July is typically a hot month for home sales, but rising interest rates and fears of inflation and an economic slowdown threw cold water over the Baltimore region’s once-scorching housing market.
Fewer homes sold last month than in any July since 2014, according to data released Thursday by the real estate company Bright MLS. The number of new listings is dropping, while the number of active listings is growing, indicating that the frenetic pace of homebuying that occurred during the coronavirus pandemic has ended.
Lisa Sturtevant, an economist for Bright MLS, called July an “inflection point” and said the Baltimore region appears to be returning to a more normal, pre-pandemic housing market.
Mortgage interest rates have risen over the past few months, adding to the cost of buying a home and pushing many prospective homebuyers out of the market, but Sturtevant said there are other factors at play. When mortgage rates temporarily dipped last week, there was no corresponding bump in homebuying activity, Sturtevant said, which means inflation and economic uncertainty are probably scaring away some homebuyers.
The number of homes sold in July plunged to 3,411, down 24.5% from July 2021. Pending sales were likewise down 23.5%.
Yet home prices, meanwhile, continue to rise in the Baltimore area, hitting a median of $368,450, a 5.3% increase compared with this time last year. Sturtevant thinks that won’t change — even as the long-suppressed inventory of homes for sale starts to grow.
“The level of supply we’ve got in the Baltimore area is tighter, frankly, than any of our mid-Atlantic markets,” Sturtevant said.
A healthy housing market has enough inventory to satisfy demand for 4 to 6 months, but the Baltimore region has little more than a month’s worth of inventory.
“We will continue to see prices rise overall, but just at a much slower pace than we’ve seen over the last two years,” predicted Sturtevant, noting however that some isolated areas may see price drops.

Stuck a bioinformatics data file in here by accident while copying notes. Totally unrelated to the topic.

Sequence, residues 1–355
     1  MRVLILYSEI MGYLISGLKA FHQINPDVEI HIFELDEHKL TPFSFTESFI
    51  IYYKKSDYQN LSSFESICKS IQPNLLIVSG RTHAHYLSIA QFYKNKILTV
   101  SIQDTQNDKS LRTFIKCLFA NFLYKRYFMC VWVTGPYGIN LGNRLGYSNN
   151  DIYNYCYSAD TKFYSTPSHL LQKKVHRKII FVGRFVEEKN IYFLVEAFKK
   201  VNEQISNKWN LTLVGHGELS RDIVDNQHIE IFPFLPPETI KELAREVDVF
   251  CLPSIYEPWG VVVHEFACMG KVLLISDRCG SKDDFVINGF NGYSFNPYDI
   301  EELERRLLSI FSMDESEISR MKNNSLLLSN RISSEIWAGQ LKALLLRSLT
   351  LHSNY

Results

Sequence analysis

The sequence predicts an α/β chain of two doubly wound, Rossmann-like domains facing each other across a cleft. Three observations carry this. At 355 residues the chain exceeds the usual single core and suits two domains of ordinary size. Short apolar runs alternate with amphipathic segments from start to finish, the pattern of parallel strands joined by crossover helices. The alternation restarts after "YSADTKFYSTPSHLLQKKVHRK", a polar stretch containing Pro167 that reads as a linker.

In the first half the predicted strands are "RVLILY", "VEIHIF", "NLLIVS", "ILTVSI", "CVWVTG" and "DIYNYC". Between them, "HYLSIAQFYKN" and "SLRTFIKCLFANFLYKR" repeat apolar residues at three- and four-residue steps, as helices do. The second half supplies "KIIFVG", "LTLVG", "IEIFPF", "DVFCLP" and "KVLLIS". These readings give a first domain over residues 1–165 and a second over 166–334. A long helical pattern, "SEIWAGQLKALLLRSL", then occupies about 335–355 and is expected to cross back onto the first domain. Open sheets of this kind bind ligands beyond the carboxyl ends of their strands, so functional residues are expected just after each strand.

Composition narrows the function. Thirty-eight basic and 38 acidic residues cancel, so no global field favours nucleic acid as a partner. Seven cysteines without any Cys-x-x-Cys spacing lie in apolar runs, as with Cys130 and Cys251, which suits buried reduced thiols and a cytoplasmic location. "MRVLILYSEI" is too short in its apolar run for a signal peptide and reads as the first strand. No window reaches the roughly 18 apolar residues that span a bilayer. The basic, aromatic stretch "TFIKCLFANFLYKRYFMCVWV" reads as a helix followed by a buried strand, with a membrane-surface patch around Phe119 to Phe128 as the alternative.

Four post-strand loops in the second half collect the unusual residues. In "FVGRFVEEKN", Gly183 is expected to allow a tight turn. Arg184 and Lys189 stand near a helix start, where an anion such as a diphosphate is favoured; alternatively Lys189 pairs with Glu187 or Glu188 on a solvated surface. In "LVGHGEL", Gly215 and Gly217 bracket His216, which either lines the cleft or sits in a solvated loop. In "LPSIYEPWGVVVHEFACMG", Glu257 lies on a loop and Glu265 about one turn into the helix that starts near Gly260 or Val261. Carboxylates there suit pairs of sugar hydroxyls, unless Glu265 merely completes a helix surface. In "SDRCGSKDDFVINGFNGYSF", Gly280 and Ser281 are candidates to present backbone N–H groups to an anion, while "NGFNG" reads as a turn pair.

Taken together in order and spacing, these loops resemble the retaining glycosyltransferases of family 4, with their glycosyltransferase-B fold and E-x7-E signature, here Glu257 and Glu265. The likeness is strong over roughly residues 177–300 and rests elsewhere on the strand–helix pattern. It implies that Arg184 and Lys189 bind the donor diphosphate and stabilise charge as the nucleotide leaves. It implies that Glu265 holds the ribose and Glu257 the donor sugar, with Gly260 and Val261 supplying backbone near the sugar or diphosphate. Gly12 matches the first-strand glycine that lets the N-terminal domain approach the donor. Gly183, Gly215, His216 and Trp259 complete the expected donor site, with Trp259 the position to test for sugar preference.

Median sales prices rose across the region in July, even as the number of sales dropped compared with a year earlier:
- in Anne Arundel County, prices rose 4.7% to $450,000, but closings fell 25.4% to 863;
- in Baltimore City, prices rose 7.1% to $245,000, but closings fell 18.2% to 766;
- in Baltimore County, prices rose 6.6% to $325,000, but closings fell 29.3% to 863;
- in Carroll County, prices rose 11.9% to $447,500, but closings fell 14.9% to 212;
- in Harford County, prices rose 8.8% to 359,000, but closings fell 20% to 333;
- in Howard County, prices rose 3.6% to $538,920, but closings fell 30.4% to 374.
James Weiskerger of the W Home Group in Timonium isn’t so sure prices will keep rising. He’s been watching inventory “stacking up” recently and expects home prices could slip and eventually stabilize.
“I do think that the current trend of appreciation is kind of a mirage,” Weiskerger said.
He noted that four months ago in Mays Chapel, a community near Timonium, there was just one town home for sale. Now, there’s nine or 10 on the market, Weiskerger said.
Weiskerger said the housing market in the Baltimore region is returning to a healthier equilibrium compared with the frenzied pace of the past two years. Clients were bidding $100,000 over the asking price and still losing out on homes, he recalled, but homebuyers now are regaining their foothold in negotiations.
Tina Beliveau of eXp Realty in Timonium said homebuyers are no longer buying houses “as is” and some are even submitting repair requests — another sign that the stratospheric competition for homes is coming back down to earth.
“Things you could be sloppy about in March, you cannot be sloppy about,” Beliveau said, like cleaning and weeding.
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Beliveau is seeing a pullback in the area, particularly in Baltimore.
“It’s more pronounced in the city than the county,” she said. “In the city, we are seeing that days on market are ticking up faster than the county.”
In Baltimore, the median days on the market rose to 12, while across the region, homes were on the market for a median of seven days last month, just one more day than July last year.
Still, aggressive pricing can still generate a lot of competition. Beliveau said her firm recently advertised a home in the neighborhood of Canton for $285,000. It got six offers in four days and ended up selling above the asking price, she said.
“I never had bidding wars for my city listings like that before,” Beliveau said.
With the limited amount of inventory in the area, Beliveau said, sellers still have the upper hand, though it’s not quite as one-sided.
“It’s a seller’s market with a splash of uncertainty in the mix that is creating a little more buyer leverage,” she said.